• It is such a shame that a valuable animal must be waste for the loveof a badger, an animal of no commercial value at all. Give farmers the right to cull on their land. It used to be the way, farmers controlled numbers of badgers, they did not eradicate them. Badger populations are making the badgers themselfs weak and prone to disease. Farmers are best qualified to look after the countryside, it’s what they do. Let them do their job. Taxpayers may like to look at badgers in the woods but its all taxpayers money that pays compensation. Cull the badgers and cut taxes, win win in my book

  1. I am an animal lover, not a keeper of cattle but badger culling should be expanded until it can be reasonable proved or disproved badger are spreading this awful disease. How many badger supporters would continue to be so if this affected their household pets – their dogs and cats?? not many I suspect. think of our farmers and their families.

    • You dont befriend your pets so as to slit their throats and eat them. Why would you advocate a continuation of the cull just to see if its effective? What if the cull proves to be ineffective? What about the badgers? As an “animal lover” you say you advocate killing animals who may or may not pose a threat to the health of animals whom we only intend to kill later anyway. If this is “love” how would you treat something you hate?

      • You do euthanize or shoot pets that are terminally ill. To allow them to suffer would land you in court with the RSPCA

      • The answer to your question is that we all end up “culling” our pets if they are terminally ill. It is the humane thing to do.

        The fact that the RBCT was vastly interfered with (over 8,000 traps destroyed, stolen or moved with live badgers inside them) is the very reason we are culling again. Even the so called perturbation effect is thought to have occurred because diseased badgers were released outside the cull zone.

        And “what about the badgers”? The humane thing to do is to cull those with TB before they suffer a long and miserable death. It will also protect other badgers from contracting the disease.

        By they way, I am a different David. I’m not David Barton who I have the utmost sympathy for.

    • I see your point but surely declaring the badgers guilty without conclusive evidence is rather backwards. I of course know very little about this subject but from what I can gather there is very little evidence for badgers being the main cause of bTB it seems to be a ham handed witch hunt. You claim to be an animal lover but condone an inconclusive cull of badgers. I wonder how many cull supporters would continue to be so if it was their household pets who where to be culled?

      • I think there is a lot of evidence to show badgers do carry and spread b tb, if an effective vaccine was available or any other method then of course i would favour this… . i said if culling will sort out this mess then it would be worth it, also, pse take into account the suffering caused to badgers themselves who die horrible deaths by b tb.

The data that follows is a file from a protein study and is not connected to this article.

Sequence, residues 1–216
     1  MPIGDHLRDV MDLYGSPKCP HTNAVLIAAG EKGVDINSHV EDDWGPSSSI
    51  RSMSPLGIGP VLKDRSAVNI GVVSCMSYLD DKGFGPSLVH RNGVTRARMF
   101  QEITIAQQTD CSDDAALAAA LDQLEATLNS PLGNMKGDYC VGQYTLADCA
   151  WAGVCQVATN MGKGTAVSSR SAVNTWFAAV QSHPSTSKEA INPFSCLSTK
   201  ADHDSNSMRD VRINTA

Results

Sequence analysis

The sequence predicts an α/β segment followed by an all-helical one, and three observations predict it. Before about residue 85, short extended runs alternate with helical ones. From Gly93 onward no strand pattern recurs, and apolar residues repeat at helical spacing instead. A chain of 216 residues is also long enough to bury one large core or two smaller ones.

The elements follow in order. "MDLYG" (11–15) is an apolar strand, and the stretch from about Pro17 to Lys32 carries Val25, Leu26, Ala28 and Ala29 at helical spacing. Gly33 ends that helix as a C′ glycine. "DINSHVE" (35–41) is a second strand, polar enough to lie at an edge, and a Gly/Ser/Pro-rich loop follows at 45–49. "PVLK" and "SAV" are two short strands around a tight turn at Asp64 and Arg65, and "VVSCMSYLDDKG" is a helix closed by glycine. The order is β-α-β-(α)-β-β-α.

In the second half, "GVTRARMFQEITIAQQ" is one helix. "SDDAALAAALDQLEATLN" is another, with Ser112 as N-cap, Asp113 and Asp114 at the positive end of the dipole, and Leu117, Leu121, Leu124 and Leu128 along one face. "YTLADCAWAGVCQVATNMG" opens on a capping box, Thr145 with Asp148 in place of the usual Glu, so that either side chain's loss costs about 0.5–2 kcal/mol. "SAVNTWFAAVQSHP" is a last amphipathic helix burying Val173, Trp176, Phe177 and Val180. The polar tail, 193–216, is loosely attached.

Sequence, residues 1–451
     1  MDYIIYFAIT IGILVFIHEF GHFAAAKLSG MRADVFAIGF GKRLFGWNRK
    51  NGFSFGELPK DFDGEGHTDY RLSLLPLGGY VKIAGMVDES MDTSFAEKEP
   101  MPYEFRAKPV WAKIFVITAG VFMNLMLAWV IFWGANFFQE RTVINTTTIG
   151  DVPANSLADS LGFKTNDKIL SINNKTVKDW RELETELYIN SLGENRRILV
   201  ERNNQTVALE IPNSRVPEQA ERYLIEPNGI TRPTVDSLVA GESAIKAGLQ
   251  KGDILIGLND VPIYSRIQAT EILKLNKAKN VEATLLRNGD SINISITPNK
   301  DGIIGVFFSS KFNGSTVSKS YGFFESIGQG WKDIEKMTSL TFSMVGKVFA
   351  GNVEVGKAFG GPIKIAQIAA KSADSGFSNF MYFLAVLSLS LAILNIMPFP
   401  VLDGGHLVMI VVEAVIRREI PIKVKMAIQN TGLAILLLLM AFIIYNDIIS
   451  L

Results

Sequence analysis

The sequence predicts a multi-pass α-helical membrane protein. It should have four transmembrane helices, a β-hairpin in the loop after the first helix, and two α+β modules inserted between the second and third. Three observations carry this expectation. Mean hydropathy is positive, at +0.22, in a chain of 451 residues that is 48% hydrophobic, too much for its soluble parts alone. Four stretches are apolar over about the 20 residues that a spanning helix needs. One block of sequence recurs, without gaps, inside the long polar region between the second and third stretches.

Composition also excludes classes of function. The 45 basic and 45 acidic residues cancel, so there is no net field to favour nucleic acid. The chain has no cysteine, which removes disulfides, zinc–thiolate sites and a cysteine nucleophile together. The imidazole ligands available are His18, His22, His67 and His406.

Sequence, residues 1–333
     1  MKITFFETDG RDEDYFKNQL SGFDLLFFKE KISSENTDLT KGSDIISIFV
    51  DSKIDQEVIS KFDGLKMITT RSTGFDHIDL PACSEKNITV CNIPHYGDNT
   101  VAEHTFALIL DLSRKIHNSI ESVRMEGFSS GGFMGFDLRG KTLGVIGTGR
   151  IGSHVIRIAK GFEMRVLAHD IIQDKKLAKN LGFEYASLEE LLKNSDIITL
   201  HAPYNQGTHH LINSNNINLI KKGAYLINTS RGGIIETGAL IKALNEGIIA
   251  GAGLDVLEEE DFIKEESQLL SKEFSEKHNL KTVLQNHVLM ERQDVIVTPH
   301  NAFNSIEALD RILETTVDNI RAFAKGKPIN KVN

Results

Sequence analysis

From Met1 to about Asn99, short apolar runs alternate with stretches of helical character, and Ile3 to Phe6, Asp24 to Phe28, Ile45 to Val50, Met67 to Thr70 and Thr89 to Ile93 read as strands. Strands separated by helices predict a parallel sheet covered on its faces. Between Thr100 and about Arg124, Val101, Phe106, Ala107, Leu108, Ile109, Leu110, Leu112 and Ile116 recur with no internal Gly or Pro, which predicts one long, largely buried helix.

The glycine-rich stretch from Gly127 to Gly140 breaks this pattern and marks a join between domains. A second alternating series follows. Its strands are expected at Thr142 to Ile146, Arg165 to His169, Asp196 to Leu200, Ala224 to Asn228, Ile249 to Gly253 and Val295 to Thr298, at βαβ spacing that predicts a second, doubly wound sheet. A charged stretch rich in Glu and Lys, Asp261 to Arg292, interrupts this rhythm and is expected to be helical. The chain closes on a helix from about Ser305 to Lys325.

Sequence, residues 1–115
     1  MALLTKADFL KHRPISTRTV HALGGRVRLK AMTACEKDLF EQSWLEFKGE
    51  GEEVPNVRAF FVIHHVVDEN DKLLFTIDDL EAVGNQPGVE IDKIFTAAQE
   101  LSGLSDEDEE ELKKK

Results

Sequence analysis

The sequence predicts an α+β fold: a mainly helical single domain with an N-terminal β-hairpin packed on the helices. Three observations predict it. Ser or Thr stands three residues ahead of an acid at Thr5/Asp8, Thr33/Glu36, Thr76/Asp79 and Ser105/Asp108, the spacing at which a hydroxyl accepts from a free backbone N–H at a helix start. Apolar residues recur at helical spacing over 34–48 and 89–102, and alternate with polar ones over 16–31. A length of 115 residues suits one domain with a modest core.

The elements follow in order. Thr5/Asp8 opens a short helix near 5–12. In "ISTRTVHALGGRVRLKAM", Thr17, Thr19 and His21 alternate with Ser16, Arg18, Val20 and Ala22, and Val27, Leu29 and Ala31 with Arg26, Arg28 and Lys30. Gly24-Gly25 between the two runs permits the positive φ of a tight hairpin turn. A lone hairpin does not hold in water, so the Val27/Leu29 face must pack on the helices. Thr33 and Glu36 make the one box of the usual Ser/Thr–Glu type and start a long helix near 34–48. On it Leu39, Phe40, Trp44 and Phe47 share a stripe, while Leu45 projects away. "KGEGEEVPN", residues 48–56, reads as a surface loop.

• Kevin, They got is from cattle but 43 years ago TB was found to have crossed over to the badger population – right at the time we had spent 26 years eradicating it from cattle. Opposition to culling badgers has allowed it to spread out from Gloucestershire where it was first found. It is now endemic in the west from Manchester down to Southampton and everywhere west of that line. .

      • because they have unfortunately picked up TB from the infected cows and they then pass the disease on to healthy cows on other farms.

      • Interesting theory Eryl, as a vet you should know this is a very complex disease, my herd was a closed herd, so it can’t have come from cattle to cattle transmission originally, we do know from DEFRA trials here up to 54% of the heavy badger population carry bTB this cannot be ignored .Badgers do carry bTB and they do excrete the bacterium .We will never control bTB with vaccination alone as it can’t help an already infected badger.

  2. Truly sickening, David. This issue needs to addressed with a radical change of policy. How can Farmers like you be expected to continue in an Industry that is attacked from so many angles with minimal support from the Gov’t?

    It seems that non country folk don’t understand the impact that a positive TB test has on the Farmers livelihood and beyond!! If we want to retain an effective farming industry in this country (and we MUST), we need to take whatever measures are required to protect it. I don’t like needless slaughter of any animal, and it is clear to see your true compassion for your beasts as pretty much all Farmers do. It’s time to see the bigger picture . Wild animals, whatever they may be, need to be kept in balance. Badgers are now out of balance and are overrunning certain rural areas and have to be controlled. However, in my view, I still consider immunisation of cattle as being a positive option, but Euro legislation will need to be changed accordingly. Good luck for the future.